Yesterday, Citigroup floated the idea that a temporary government shutdown once the full array of debt ceiling extension measures expires some time in mid/late February, is possible, which would also mean the first technical default of the US depending on the prioritization of US debt payments. Now, Politico reports that this idea is rapidly gaining support within the GOP and that "more than half of GOP members are prepare to allow default unless Obama agress to dramatic cuts he has repeatedly said he opposes." It gets better... or worse depending how many ES contracts on is long: "Many more members, including some party leaders, are prepared to shut down the government to make their point. House Speaker John Boehner “may need a shutdown just to get it out of their system,” said a top GOP leadership adviser. “We might need to do that for member-management purposes — so they have an endgame and can show their constituents they’re fighting.”" Of course, at this point not even a US government bankruptcy may send the ES more than one or two ticks lower. After all, there is no risk of anything happening anywhere, any time.
Think the Fed (with its balance sheet amounting to over 20% of US GDP), or the ECB (at 30% of GDP) is bad? Then take a look at the balance sheet of the Swiss National Bank, whose assets now amount to some 75% of Swiss GDP and which has now "literally bet the bank" in the words of the WSJ not once, not twice, but three times in a bid to keep the Swiss Franc - that default flight to safety haven - low, and engaging in what is semi-stealth currency warfare by buying other sovereigns' currencies for over two years now, although he hardly expect the US Treasury to even consider it for inclusion on its list of currency manipulators - after all, "everyone is doing it".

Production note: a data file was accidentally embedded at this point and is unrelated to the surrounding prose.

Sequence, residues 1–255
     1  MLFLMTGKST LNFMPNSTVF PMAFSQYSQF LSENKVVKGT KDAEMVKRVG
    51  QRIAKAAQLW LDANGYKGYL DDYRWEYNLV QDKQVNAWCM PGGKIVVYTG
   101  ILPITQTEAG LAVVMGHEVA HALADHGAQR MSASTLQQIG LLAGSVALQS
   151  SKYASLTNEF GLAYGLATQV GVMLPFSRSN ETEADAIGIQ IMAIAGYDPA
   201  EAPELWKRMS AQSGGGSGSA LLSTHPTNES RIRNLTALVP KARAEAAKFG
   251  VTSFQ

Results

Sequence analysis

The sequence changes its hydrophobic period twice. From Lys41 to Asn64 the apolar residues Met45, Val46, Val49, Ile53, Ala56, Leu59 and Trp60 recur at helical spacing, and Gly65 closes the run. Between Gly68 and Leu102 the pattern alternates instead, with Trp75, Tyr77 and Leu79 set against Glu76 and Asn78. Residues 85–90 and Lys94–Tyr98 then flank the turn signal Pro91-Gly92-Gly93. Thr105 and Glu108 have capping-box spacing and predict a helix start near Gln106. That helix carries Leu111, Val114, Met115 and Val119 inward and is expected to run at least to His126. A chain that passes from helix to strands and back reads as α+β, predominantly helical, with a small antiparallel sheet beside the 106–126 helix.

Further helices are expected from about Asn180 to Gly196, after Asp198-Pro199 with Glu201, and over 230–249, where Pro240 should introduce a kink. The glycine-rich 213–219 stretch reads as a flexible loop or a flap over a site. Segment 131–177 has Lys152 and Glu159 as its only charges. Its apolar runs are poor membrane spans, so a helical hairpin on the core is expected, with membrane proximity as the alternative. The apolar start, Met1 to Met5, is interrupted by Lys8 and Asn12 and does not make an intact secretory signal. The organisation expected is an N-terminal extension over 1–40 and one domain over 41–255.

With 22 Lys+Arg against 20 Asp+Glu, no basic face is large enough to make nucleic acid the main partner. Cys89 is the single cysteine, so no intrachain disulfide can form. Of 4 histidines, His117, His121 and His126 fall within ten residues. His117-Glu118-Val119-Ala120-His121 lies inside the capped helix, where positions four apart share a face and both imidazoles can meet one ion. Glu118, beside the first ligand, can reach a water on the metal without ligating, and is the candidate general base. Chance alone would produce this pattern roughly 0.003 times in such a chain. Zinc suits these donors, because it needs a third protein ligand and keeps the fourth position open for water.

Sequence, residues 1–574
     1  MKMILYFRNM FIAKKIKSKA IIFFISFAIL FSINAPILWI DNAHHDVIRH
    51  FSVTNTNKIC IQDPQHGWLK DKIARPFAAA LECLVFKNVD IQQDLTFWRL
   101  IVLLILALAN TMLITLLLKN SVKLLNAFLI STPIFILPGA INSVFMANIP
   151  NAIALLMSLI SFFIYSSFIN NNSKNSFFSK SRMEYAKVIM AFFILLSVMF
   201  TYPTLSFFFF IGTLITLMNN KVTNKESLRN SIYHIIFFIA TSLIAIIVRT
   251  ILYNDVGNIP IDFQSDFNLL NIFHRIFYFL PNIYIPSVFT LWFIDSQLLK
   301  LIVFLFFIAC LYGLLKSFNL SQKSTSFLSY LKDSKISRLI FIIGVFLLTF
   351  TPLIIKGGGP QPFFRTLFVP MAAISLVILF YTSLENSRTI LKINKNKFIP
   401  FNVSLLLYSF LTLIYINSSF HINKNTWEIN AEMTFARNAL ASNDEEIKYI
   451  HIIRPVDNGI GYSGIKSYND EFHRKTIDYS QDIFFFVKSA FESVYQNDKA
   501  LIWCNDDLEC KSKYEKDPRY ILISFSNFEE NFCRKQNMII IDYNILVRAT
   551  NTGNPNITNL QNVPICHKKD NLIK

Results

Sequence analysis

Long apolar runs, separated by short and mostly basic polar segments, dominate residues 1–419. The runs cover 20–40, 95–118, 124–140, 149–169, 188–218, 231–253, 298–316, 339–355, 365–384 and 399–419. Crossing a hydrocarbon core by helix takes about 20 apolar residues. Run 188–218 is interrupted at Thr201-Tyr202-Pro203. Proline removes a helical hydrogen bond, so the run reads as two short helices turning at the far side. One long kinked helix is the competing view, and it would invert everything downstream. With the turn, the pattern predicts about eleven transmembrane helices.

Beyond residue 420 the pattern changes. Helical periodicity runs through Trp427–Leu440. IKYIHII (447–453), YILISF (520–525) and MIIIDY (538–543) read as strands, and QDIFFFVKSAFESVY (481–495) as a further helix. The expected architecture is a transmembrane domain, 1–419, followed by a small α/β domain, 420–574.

2012 is a year most asset managers would like to forget. With the S&P returning 16% and Russell 2000 up 16.3%, on nothing but multiple expansion in a world where risk has been eliminated despite persistently declining revenues and cash flows, a whopping 88% of hedge funds, as well as some 65% of large-cap core, 80% of large cap value, and 67% of small-cap mutual funds underperformed the market, according to Goldman's David Kostin. The ongoing absolute outperformance of mutual funds over their 2 and 20 fee sucking hedge fund peers is notable, as this is the second or perhaps even third year in a row it has happened. And while the usual excuse that hedge funds are not supposed to beat the market but a benchmark, and generally protect capital from downside risk is valid, it is irrelevant if any downside risk (see ongoing rout in VIX and net position in the VIX futures COT update) is now actively managed by central banks both directly and indirectly, their HF LPs no longer see the world in that way. In fact as Bloomberg Market's February issue summarizes, some 635 hedge funds closed in 2012, 8.5% than a year earlier, despite a far stronger year for the general indices. The reason: LPs and MPs have simply had enough of holding on to underperformers and get swept up in the momentum of performance chasing, and the result is redemption requests into funds who may have had a positive benchmark year, but underperform relative to the S&P for two or more years, which nowadays is the vast majority of funds.